Op-Ed: Cape Coral should fix, update Chiquita Lock
Image: Calusa Waterkeeper
By SCCF Environmental Policy Director Matt DePaolis
Something needs to be done about the Chiquita Lock. The lock was designed to prevent Cape Coral’s polluted water from entering the Caloosahatchee estuary. It has fallen into disrepair, is a headache for boaters, and is dangerous for manatees.
Since Hurricane Ian, the lock has been broken open, allowing pollutants to flow freely into the Caloosahatchee estuary. While the city wants to remove the lock, we should not throw the baby out with the bathwater. Instead, the lock should be updated so it can continue to protect the Caloosahatchee estuary without impacting manatees and boaters.
The Sanibel-Captiva Conservation Foundation’s mission is to protect and care for Southwest Florida’s coastal ecosystems. Inherent in a healthy ecosystem is clean water, which is unfortunately becoming a scarce resource. Nutrients from stormwater and wastewater feed massive algal blooms in our marine environments.
Harmful algal blooms (HABs) block sunlight from native seagrasses, can decompose creating hypoxic dead zones, and can be toxic to both people and wildlife. The Chiquita Lock helps prevent polluted water from entering the estuary and fueling these HABs.
The Chiquita Lock was installed after a consent order was issued that required the implementation and maintenance of a spreader system to prevent polluted stormwater from harming the Caloosahatchee estuary.
The lock serves as a barrier, raising the water level in the canals until it spills over the southern edge and is naturally filtered through 3,000 feet of mangroves before entering the estuary. Even broken open in its current state it is still functioning at a limited capacity.
The location of the lock remains a narrow bottleneck that sends some water through the spreader system, keeping the mangroves alive. A similar system was built with the Ceitus Boat Lift, and after it was removed in 2007 a massive mangrove die-off occurred. Removing the lock would remove this last bit of functionality and likely have a dramatic impact on the mangroves and estuary.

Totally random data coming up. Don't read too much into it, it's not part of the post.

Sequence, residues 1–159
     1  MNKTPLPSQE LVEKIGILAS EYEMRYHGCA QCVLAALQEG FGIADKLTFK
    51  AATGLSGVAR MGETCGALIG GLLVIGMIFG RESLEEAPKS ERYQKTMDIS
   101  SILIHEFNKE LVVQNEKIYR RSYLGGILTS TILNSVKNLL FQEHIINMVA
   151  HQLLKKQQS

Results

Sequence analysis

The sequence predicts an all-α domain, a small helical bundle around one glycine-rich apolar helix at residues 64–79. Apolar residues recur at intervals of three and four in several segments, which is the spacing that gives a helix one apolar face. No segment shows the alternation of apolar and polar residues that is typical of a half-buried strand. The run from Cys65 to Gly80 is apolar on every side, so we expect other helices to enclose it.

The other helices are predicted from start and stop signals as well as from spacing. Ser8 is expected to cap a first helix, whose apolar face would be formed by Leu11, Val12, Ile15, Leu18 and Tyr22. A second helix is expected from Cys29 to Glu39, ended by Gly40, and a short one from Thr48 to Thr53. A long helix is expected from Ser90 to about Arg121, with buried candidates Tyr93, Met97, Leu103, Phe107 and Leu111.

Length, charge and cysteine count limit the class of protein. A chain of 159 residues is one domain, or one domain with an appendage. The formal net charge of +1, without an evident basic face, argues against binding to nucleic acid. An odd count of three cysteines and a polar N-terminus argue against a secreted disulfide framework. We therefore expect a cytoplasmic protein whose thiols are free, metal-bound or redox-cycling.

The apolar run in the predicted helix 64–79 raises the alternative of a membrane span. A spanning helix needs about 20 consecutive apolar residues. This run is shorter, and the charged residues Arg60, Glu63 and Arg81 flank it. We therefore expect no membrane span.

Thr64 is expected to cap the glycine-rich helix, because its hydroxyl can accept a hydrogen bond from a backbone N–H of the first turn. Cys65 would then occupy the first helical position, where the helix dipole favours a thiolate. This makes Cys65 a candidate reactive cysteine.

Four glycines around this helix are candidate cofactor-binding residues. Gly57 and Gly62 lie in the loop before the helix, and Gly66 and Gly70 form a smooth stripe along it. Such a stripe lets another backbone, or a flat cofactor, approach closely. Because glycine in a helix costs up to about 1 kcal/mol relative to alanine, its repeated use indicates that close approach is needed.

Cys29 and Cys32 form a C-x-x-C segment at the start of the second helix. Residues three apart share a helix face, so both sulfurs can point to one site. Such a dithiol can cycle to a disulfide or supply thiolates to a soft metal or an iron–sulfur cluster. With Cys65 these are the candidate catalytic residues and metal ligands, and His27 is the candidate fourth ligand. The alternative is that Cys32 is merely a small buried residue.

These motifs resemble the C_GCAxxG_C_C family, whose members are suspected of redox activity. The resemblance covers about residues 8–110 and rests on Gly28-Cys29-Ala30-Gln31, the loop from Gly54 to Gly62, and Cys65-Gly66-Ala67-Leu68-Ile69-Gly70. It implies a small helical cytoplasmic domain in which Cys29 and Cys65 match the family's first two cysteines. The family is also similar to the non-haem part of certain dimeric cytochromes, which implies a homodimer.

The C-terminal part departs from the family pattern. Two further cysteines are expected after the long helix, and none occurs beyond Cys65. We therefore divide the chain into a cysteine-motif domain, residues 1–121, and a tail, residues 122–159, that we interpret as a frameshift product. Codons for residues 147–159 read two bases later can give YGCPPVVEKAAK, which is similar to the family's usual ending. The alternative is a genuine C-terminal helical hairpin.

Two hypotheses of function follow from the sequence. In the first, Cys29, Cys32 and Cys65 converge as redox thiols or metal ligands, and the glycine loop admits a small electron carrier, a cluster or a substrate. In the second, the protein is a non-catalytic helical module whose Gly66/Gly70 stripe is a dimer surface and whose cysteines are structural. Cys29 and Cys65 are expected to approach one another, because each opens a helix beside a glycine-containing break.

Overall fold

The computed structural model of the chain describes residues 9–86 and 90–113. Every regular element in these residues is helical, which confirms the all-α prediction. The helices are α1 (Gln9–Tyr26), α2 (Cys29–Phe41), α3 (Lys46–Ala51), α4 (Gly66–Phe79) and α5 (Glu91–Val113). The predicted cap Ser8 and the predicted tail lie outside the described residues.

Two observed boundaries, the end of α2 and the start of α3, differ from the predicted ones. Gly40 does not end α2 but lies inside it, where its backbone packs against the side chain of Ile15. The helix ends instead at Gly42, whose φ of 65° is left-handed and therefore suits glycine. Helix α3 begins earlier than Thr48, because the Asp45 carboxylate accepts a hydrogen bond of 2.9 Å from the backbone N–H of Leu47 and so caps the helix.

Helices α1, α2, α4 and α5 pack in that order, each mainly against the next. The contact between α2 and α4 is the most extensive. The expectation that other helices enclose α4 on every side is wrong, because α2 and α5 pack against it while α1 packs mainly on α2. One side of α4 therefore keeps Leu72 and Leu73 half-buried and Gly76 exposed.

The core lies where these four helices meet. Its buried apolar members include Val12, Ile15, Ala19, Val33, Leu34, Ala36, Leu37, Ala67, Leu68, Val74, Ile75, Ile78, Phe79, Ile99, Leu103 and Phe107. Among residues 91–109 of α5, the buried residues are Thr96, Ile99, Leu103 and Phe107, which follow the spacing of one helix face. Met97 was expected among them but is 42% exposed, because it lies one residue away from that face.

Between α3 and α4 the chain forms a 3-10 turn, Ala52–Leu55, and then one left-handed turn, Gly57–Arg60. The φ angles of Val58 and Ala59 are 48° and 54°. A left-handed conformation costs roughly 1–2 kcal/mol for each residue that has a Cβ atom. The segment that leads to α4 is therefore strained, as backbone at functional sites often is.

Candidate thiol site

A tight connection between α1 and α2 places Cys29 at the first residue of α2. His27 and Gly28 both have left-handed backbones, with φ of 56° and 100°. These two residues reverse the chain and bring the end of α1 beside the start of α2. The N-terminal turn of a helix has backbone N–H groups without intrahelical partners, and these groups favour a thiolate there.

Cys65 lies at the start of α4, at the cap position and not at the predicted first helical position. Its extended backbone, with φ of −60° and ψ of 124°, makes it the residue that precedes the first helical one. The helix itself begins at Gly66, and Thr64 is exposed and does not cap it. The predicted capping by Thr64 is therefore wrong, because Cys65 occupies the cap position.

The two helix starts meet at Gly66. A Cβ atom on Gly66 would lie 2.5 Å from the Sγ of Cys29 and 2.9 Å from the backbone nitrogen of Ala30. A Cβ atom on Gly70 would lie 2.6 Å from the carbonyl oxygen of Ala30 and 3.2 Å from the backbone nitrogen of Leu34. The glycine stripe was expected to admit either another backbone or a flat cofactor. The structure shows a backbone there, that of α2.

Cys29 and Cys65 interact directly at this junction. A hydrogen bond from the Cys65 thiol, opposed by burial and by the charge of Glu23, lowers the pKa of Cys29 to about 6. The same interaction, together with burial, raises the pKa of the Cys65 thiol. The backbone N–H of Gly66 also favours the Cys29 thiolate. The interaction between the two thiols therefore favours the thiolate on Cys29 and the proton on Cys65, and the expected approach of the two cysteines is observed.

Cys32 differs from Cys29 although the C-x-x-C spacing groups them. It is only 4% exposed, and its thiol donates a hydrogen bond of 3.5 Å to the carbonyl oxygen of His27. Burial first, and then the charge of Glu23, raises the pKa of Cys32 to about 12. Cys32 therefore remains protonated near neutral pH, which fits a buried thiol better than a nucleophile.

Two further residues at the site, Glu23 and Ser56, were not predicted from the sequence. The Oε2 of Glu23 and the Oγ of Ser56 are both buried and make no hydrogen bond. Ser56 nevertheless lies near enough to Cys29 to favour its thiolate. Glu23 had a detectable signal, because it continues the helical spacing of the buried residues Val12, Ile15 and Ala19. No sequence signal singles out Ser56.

The need for the lock has not gone away. The waters within Cape Coral’s canals are still polluted, and if they are allowed to flow freely into the estuary, our environment will suffer. The consent order requires the City of Cape Coral to maintain the lock, but it has failed to do so.
The lock has proven to be a nuisance for boaters and it has been fatal to manatees, like many of the locks around Florida. While this is horrific and must be avoided at all costs, removing the lock will cause greater devastation.
Additional pollution in the estuary will impact already depleted seagrass beds, which are a major food source for manatees. While 19 manatees were killed in boat lifts across Florida in 2022, another 800 died of starvation. Protecting manatees requires protecting seagrass, which means preserving the Chiquita Lock.
It is clear that changes need to be made to the lock. Instead of removing it, we have an opportunity to fix it so it functions for the benefit of everybody — boaters, manatees, and the environment. A high-speed, two-way lock could be installed that would drastically cut down wait times for boaters. A combination of sensors, manatee exclusion devices, and a lock tender could ensure that manatees are not unwittingly caught in the lock.
The Chiquita Lock is a headache for boaters and Cape Coral, and while its removal would have small benefits, the environmental consequences would be devastating. Instead, the city should uphold its responsibility to ensure that the spreader system continues to function by fixing the lock and updating it to serve the needs of all stakeholders, boaters, manatees, and all of Southwest Florida’s coastal ecosystems.